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Manny Machado’s Record Contract Doesn’t Solve MLB’s Free-Agent Problem

Sports News With MLB Manny Machado, the third baseman and slugger who was unsigned even as training camp opened, agreed to a 10-year contract worth a record (for a...

Sports News With MLB

Manny Machado, the third baseman and slugger who was unsigned even as training camp opened, agreed to a 10-year contract worth a record (for a free agent) $300 million with the San Diego Padres on Tuesday.

At 26, he’s in his prime (though baseball has come to hate any player who is older than 32). He’ll give the Padres some presence now as their farm system, laden with prospects, starts spinning off more assets to the parent club, much in the manner in which the Atlanta Braves rebuilt.

One signing, however, does not fix baseball. One star getting a new deal doesn’t mean the system is working.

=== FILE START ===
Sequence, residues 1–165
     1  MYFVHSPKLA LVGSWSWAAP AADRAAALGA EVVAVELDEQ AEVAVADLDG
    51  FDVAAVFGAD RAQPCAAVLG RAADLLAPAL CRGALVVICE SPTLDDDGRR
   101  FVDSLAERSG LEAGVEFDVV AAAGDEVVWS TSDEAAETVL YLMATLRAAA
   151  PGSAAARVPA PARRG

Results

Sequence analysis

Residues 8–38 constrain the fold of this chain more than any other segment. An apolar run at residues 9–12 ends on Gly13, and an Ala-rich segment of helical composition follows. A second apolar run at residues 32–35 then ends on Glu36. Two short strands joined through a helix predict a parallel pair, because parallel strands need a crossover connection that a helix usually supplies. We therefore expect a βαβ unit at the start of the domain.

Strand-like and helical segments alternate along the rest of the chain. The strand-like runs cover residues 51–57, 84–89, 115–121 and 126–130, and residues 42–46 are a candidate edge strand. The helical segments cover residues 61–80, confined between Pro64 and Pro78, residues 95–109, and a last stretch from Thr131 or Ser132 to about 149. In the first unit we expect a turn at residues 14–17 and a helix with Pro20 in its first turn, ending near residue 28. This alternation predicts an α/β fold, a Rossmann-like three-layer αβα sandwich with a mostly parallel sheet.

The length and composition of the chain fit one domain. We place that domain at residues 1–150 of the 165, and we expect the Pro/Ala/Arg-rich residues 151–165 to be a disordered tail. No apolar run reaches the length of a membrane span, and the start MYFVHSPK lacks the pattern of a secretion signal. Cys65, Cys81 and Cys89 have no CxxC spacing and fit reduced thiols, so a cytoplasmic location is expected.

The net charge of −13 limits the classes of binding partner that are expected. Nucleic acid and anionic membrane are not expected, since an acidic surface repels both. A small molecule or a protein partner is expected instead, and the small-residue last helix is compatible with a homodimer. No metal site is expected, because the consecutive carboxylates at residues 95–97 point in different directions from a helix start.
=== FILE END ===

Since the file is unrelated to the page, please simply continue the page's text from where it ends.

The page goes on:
Outfielder Bryce Harper, formerly of the Washington Nationals, should be in line for a similar deal. He’s unsigned. Pitcher Dallas Keuchel? Unsigned. The pace of signings has been slow, slow enough that players are talking about a strike a few years hence.

MLB Commissioner Rob Manfred said last week that markets work two ways – players can make demands and teams can choose whether or not to meet them. And $30 million a year (guaranteed) is a lot of money.
But this is also a sport where too many teams want to jettison their better players, lose for a few years and rebuild with cheaper, younger talent. This worked for the Braves and the Houston Astros. The Miami Marlins are trying it as well and becoming irrelevant in their market as they do so, having dumped an outfield of All-Stars last year.

The answer? Who knows? Teams have money and don’t want to spend it. How do you compel them to do so? Players seem to think they have a right to $30 million a year and they do not. Yet there should be some market efficiency.

They can fight it out. They usually do.

One favor, please. Just start the playoff games and World Series earlier, so that the next generation of fans – kids – get to see them. And us old guys (zzz) as well.

 
 
Post By: Larry Weisman, a longtime sportswriter for USA TODAY, blogs for Twistity.com. Follow him on Twitter @MrLarryWeisman

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